Writing is an art that requires a balance between expressing yourself and communicating your ideas effectively to your audience.

However, when you get carried away with flowery language, you may end up with the dreaded purple prose.

An author who is often associated with the use of purple prose is Victorian-era novelist Edward Bulwer-Lytton. In fact, the annual Bulwer-Lytton Fiction Contest, which challenges participants to write the worst possible opening sentence for a novel, is named after him.

One of Bulwer-Lytton’s most famous opening sentences, from his novel “Paul Clifford,” is:

"It was a dark and stormy night; the rain fell in torrents, except at occasional intervals, when it was checked by a violent gust of wind which swept up the streets (for it is in London that our scene lies), rattling along the housetops, and fiercely agitating the scanty flame of the lamps that struggled against the darkness." 

What is purple prose?

Purple prose is a term used to describe writing that is overly ornate, verbose, or flowery.

It often includes excessive use of adjectives, adverbs, metaphors, and other literary devices that detract from the clarity and simplicity of the message.

Purple prose tends to be more about the writer’s style than the content of their writing.

The effervescent, cerulean waves danced and crashed upon the immaculate, ivory sand, their frothy embrace leaving behind a salty kiss on the shore.

Uh-huh, that’s a lot of words to say, “the blue waves crashed onto the white sand, leaving behind a salty residue”.

In the first sentence, the use of “effervescent,” “cerulean,” “immaculate,” and “ivory” are unnecessary descriptors that distract from the simple image of waves crashing onto the shore. The second sentence is more straightforward and uses concrete language to convey the same idea.

Am I saying you shouldn’t describe things? Not at all.

But you want to make sure you’re using your words effectively, and not layering them simply to have them obscure the story from the reader.

Why is purple prose called purple prose?

The term “purple prose” is thought to have originated from the Latin phrase purpurae vestes (purple robes), which were worn by Roman emperors and were associated with wealth, power, and luxury.

Historically, the colour purple was expensive to produce. The ancient Phoenicians were among the first to create a purple dye known as Tyrian purple, derived from the mucus of certain sea snails.

Tyrian purple, also known as royal purple or imperial purple, was a highly valued dye in antiquity, primarily produced from the mucous glands of a few species of sea snails. The most famous source of Tyrian purple was the marine mollusc Bolinus brandaris, a type of predatory sea snail.

The process of making Tyrian purple involved several steps:

  1. Harvesting the snails: The snails were typically collected in the eastern Mediterranean, particularly near the city of Tyre (in present-day Lebanon). The city became renowned for its production of this precious dye.
  2. Extraction of the mucus: The mucus glands of the snails contained a colourless liquid. The purple colour developed as a result of exposure to air and sunlight. To extract the dye, workers would carefully crush the snails and collect the liquid.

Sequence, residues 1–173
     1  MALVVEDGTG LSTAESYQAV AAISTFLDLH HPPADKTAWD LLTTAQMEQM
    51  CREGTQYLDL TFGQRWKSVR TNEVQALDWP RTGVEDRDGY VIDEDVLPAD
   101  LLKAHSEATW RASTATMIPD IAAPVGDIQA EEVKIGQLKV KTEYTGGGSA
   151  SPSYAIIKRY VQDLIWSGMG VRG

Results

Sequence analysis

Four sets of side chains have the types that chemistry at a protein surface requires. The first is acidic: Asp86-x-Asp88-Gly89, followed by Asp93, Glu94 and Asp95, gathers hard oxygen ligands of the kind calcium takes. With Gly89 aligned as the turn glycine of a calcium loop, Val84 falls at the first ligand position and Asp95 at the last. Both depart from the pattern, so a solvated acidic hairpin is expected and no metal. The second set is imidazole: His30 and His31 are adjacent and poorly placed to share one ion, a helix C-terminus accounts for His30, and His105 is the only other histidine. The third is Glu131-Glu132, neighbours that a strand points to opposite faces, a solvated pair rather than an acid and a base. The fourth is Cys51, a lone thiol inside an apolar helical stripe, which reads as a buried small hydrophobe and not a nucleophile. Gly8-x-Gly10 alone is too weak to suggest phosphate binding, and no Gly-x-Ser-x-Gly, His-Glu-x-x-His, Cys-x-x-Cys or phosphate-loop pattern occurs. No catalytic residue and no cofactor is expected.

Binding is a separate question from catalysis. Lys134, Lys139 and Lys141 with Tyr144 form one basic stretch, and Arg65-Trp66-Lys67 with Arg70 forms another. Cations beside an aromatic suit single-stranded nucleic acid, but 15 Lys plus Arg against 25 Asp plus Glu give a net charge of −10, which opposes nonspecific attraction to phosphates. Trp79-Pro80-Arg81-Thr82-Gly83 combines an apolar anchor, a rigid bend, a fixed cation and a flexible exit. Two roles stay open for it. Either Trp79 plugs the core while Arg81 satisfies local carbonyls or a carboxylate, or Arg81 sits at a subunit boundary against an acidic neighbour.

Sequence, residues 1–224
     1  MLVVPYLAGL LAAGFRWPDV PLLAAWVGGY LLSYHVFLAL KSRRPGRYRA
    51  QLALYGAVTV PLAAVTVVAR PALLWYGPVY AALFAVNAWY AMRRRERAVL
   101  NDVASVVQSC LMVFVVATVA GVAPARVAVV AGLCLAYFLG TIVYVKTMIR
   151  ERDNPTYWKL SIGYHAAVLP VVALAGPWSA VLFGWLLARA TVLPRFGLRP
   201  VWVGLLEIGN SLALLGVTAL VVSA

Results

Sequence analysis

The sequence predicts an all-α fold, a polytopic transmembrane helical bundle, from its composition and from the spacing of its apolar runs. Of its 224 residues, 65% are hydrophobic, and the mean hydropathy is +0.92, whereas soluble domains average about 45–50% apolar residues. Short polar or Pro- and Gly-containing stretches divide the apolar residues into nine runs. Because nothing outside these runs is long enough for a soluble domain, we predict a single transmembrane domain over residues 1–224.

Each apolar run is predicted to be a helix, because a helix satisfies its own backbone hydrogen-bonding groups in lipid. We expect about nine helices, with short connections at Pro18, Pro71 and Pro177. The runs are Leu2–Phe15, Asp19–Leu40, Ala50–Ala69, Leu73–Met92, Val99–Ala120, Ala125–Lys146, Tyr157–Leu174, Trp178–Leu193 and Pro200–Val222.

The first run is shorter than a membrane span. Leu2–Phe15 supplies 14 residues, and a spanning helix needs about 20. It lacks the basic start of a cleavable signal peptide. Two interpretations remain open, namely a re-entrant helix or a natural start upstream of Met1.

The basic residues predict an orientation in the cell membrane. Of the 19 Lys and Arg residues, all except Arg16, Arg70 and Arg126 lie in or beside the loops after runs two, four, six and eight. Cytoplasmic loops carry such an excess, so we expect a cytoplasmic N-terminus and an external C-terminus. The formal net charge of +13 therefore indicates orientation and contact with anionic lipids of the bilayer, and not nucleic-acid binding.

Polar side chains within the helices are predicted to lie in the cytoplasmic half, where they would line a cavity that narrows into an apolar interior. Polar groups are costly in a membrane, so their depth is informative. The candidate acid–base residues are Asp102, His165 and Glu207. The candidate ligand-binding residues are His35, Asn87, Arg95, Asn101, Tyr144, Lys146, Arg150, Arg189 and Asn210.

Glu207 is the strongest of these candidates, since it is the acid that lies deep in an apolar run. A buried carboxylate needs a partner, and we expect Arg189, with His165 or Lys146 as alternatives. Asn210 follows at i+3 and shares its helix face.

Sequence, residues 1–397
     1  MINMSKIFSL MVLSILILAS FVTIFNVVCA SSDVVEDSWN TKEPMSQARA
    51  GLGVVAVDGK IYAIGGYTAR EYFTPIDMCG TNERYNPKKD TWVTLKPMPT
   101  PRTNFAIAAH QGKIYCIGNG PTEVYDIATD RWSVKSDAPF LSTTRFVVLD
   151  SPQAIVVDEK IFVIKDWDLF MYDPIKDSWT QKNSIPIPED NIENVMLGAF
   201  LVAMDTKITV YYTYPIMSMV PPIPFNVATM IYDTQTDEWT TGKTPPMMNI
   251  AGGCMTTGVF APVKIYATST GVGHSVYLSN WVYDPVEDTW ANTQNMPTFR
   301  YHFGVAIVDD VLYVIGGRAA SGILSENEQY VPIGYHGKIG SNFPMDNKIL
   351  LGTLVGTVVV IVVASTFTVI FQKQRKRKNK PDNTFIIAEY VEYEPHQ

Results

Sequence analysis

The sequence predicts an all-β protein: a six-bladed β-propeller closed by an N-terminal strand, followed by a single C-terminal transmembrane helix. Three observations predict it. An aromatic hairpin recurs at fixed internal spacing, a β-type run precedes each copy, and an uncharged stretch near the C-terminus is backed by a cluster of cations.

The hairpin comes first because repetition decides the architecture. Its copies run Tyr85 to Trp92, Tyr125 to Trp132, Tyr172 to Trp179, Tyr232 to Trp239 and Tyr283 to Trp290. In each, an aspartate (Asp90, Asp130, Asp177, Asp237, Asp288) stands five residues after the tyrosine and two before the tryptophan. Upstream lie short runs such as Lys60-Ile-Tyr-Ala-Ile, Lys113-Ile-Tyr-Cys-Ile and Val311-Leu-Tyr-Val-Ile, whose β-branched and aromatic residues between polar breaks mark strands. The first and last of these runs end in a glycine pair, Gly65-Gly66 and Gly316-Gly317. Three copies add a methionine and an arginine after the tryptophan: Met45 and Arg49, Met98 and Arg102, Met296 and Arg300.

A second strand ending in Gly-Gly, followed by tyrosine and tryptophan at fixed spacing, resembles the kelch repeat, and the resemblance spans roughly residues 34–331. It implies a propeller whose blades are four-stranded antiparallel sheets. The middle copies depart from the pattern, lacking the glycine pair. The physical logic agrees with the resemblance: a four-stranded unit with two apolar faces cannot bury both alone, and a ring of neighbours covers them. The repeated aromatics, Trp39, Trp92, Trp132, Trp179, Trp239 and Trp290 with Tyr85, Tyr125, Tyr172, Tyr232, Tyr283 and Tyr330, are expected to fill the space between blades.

3. Exposure to sunlight: The extracted liquid was left exposed to sunlight. As it oxidised, the colour changed from a greenish hue to shades of purple.
  4. Precipitation and washing: After obtaining the desired colour, the liquid was mixed with a solution, often containing salt or another agent, to precipitate the dye. The precipitated material was then collected, washed, and dried.
  5. Yield: The amount of dye produced from a large number of snails was relatively small, making Tyrian purple labour-intensive and expensive.

Due to the difficulty and expense of the production process, Tyrian purple became a symbol of prestige and was associated with royalty and nobility in various ancient cultures, including the Roman Empire.

In many cultures, purple-dyed garments were reserved for royalty and the elite, contributing to its reputation as an expensive colour.

In the 19th century, the term was used to describe a writing style that was considered excessive and ornate.

How to avoid purple prose?

To avoid purple prose, it’s important to focus on clarity and simplicity in your writing. Here are some tips to help you avoid purple prose:

  1. Use concrete language: Instead of using abstract or vague words, use concrete language to describe your ideas. This will make your writing more accessible to your audience.
  2. Use fewer adjectives and adverbs: While descriptive language can be useful, it’s important not to overuse adjectives and adverbs. Instead, focus on choosing the most precise words to convey your ideas.
  3. Avoid clichés: Clichés are overused expressions that have lost their meaning. Instead of relying on clichés, try to come up with fresh and original ways to express your ideas.
  4. Use active voice: Active voice makes your writing more engaging and concise. It also helps to avoid excessive use of adjectives and adverbs. (Passive voice still has a time and place, but all things in moderation, hey?)
  5. Edit ruthlessly: This is essential. Cut out any unnecessary words or phrases, and focus on making your writing as clear and concise as possible. You don’t want your story to be hidden behind a lot of words that don’t really mean anything to the reader.

While it may seem impressive to some, it can often be confusing and detract from the clarity of your writing.

To avoid purple prose, focus on clarity and simplicity, use concrete language, and edit ruthlessly.

By doing so, you’ll be able to communicate your ideas effectively to your audience without getting bogged down by unnecessary language.